But, there in the middle, Jesus tells us of an owner who will do the unexpected: He will send his beloved son, confident that they will respect the son. The owner who has every right to respond with destruction against these tenants, makes a conscious choice to respond with the gift of his beloved son. We hear this and recoil at the naiveté of the idea. Either the owner is very stupid or the owner is great of heart. Which do you see?

[QUOTE:] Kenneth Bailey says of this decision: The owner has the right to contact the authorities, who at his request will send a heavily armed company of soldiers to storm the vineyard, arrest the violent men who have mistreated his servants and bring them to justice. The abusing of his servants is an insult to his person, and he is expected, indeed honor bound, to deal with the matter. No anger is mentioned, but it is assumed. The question is, what will he do with the anger generated by the injustice he and his servants have suffered? There are plenty of examples from inside and outside the Bible of what leaders have chosen to do in the face of rebellion (1).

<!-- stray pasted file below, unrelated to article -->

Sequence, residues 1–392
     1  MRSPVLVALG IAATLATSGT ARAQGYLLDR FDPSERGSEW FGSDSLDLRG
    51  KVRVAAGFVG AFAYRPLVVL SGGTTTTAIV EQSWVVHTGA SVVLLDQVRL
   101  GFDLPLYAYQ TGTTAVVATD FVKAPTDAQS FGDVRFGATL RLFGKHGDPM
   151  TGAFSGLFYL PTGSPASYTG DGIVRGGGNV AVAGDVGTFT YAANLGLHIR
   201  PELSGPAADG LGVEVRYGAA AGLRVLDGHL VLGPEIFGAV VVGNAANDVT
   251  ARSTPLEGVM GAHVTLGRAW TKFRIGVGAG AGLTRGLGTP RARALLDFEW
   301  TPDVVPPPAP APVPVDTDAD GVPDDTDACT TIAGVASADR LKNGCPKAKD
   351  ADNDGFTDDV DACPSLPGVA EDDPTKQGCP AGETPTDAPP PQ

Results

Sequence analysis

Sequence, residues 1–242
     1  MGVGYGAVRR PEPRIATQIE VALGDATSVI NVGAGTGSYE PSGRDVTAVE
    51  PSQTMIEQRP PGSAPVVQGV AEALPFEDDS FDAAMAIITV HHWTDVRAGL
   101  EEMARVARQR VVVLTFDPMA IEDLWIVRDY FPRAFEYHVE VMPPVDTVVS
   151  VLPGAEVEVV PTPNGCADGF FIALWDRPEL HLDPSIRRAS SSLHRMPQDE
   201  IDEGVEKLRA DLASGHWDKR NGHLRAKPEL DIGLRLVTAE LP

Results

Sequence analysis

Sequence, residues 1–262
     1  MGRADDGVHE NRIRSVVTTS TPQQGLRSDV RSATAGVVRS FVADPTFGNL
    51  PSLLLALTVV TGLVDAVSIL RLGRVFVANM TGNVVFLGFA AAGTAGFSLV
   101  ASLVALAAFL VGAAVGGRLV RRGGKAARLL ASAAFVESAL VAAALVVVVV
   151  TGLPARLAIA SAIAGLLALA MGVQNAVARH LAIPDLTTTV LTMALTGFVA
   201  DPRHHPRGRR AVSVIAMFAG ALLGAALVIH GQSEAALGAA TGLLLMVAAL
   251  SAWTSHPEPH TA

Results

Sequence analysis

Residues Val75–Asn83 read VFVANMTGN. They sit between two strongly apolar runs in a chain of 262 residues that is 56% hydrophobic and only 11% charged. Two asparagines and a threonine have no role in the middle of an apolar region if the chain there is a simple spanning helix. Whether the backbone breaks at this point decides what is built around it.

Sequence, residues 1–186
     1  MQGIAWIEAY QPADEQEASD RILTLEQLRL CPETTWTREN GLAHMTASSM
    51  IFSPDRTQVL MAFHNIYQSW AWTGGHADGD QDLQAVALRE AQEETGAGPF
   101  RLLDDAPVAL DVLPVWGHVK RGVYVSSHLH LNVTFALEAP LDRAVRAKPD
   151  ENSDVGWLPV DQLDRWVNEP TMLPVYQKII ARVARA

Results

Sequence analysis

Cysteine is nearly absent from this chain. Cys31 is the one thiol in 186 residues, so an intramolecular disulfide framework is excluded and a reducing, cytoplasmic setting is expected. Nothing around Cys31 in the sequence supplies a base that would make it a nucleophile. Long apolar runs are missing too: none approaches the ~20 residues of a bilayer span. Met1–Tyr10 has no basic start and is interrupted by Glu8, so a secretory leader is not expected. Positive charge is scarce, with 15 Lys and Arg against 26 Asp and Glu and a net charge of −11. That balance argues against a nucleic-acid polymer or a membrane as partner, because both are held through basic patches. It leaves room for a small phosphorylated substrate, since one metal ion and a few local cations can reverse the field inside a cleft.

+       When the people of earth lived in wanton sinfulness, God sent a flood to wash away all the sinners and all the results of their sin – Noah and the Ark.
+       When Pharaoh would not let Israel go to freedom, God sent 10 plagues to punish them and change his mind. Disobedience led to punishment.
+       When Israel would not live according to the commandments of God, war and eventual exile was the result. Disobedience led to exile.
+       When the American South seceded from the Union over slavery and the economic system that came with it, Abraham Lincoln led the Civil War that forced them back into the Union. Rebellion was met with force.
Violence and treachery most often get violent punishment in response.